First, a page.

Kitty Hawk, you've got company. On Sunday evening, April 11, humanity will attempt another flight first. That's when NASA's Ingenuity helicopter is expected to lift off from the surface of Mars. If successful it would be the first powered flight on another world. The drone-like copter left the safety of the Perseverance rover on April 3 to go it alone. Using solar cells mounted above its blades the mini-chopper now makes its own electricity.

Solar energy will charge Ingenuity's batteries which will power both its engine and the heaters that keep the helicopter warm during the bitter cold nights. Nighttime temperatures at Jezero Crater can plunge as low as -130° F (-90° C), cold enough to freeze and crack unprotected electrical components. NASA happily reports that the heaters are working, keeping Ingenuity's insides at a toasty 45° F (7° C).

NASA's Mars Perseverance rover took this photo of Ingenuity using a camera on the turret at the end of its robotic arm. The body of the helicopter is 5.4 in × 7.7 in × 6.4 in (13.6 cm × 19.5 cm × 16.3 cm), and the landing legs are 15 inches (0.4 meter) long. (NASA / JPL-Caltech)
NASA's Mars Perseverance rover took this photo of Ingenuity using a camera on the turret at the end of its robotic arm. The body of the helicopter is 5.4 in × 7.7 in × 6.4 in (13.6 cm × 19.5 cm × 16.3 cm), and the landing legs are 15 inches (0.4 meter) long. (NASA / JPL-Caltech)

The helicopter is essentially a technology demonstration exercise with a duration of 31-days. With no science instruments on board its sole goal will be to conduct flight tests in the thin Martian air. And take pictures. The Perseverance rover will serve as the base station for communications between the helicopter and mission controllers on Earth as well as provide weather data and photograph the airborne vehicle with its battery of cameras. Once the month is up the rover will begin it main mission of searching for evidence of past or present microbial life in earnest.

With a phone or computer anyone can "go along for the ride." A livestream confirming Ingenuity’s first flight is targeted to begin around 2:30 a.m. CDT Monday, April 12, on NASA Television, the NASA app, and the agency’s website, and will livestream on multiple agency social media platforms, including the JPL YouTube and Facebook channels. Since the liftoff is a delicate operation that involves lots of checking and coordination, click here for the latest updates to the flight schedule.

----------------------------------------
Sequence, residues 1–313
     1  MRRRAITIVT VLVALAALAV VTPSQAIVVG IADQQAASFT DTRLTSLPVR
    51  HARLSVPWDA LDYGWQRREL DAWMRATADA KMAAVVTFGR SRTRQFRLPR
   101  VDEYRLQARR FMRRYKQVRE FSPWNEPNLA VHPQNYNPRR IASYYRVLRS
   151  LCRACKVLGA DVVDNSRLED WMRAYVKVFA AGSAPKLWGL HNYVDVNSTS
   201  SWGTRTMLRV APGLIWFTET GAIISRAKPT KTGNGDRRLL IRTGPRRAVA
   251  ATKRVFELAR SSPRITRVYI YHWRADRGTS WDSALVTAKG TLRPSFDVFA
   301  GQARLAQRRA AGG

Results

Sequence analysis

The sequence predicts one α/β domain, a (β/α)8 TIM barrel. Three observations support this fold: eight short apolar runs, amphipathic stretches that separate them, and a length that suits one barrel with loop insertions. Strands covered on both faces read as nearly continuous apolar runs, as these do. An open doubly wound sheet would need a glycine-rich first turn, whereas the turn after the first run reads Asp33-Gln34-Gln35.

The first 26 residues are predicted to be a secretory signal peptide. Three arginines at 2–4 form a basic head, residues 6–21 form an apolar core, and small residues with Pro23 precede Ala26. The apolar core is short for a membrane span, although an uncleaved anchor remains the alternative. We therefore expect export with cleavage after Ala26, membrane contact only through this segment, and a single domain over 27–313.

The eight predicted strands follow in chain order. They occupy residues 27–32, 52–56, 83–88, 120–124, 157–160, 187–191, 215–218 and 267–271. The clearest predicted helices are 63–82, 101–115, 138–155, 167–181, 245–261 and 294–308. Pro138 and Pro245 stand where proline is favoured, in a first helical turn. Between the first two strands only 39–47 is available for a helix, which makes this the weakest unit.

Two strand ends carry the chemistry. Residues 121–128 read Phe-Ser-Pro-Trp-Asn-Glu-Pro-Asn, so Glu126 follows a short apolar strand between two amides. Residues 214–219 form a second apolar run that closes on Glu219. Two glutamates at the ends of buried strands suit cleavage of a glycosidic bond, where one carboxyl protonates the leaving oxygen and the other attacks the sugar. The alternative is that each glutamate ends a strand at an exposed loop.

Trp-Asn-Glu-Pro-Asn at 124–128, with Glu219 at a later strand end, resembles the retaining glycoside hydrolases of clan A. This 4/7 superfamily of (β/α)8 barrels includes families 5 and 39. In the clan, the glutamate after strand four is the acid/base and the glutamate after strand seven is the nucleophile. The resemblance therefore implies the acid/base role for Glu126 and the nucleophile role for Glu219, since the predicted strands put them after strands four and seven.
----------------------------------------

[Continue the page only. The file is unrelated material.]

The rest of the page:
WDAY logo
listen live
watch live
Newsletter signup for email alerts

In this close-up photo taken on April 8, we can see Ingenuity's carbon-fiber blades, now fully open. The solar panel on top appears to be partially covered in Martian dust. In the next days NASA will perform a slow-speed spin-up of the blades. (NASA / JPL-Caltech)
In this close-up photo taken on April 8, we can see Ingenuity's carbon-fiber blades, now fully open. The solar panel on top appears to be partially covered in Martian dust. In the next days NASA will perform a slow-speed spin-up of the blades. (NASA / JPL-Caltech)

Gravity on Mars is just 38% of that on Earth, so you might think it would be relatively easy to fly a small craft there, but the Martian air, primarily carbon dioxide, is extraordinarily thin — less than 1% that of the air we breathe. To get Ingenuity off the ground, four carbon-fiber blades, arranged in two rotors spin in opposite directions at 2,400 rotations per minute. Such high speeds are necessary to generate sufficient lift to raise the 4-pound (1.8 kgs) craft.

This graphic shows the general activities NASA hopes to accomplish with the helicopter on a given flight on Mars. Ingenuity will have 31 Earth days for its test flight program. (NASA / JPL-Caltech)
This graphic shows the general activities NASA hopes to accomplish with the helicopter on a given flight on Mars. Ingenuity will have 31 Earth days for its test flight program. (NASA / JPL-Caltech)

The Mars-copter will lift off from a flat, unobstructed 33-by-33-foot (10-by-10-meter) “airfield”. Kitty Hawk, built by Orville and Wilbur Wright, flew 120 feet in 12 seconds at an altitude of 8 feet (2.4 meters) during its first powered flight on December 17, 1903. Ingenuity will hover about 12 feet (3 meters) off the ground for 20 seconds before it lands, for a total flight time of about half a minute. Should the April 11th test succeed, NASA will attempt more challenging flights: Ingenuity is capable of flying for 90 seconds over a total distance of 164 feet (50 meters) at a maximum height of 15 feet (4.5 meters).

I hope you're as excited as I am to witness this next chapter in the history of flight. Let's hope Ingenuity will be "cleared for takeoff" as planned this Sunday.

"Astro" Bob King is a freelance writer for the Duluth News Tribune. Read more of his work at duluthnewstribune.com/astrobob.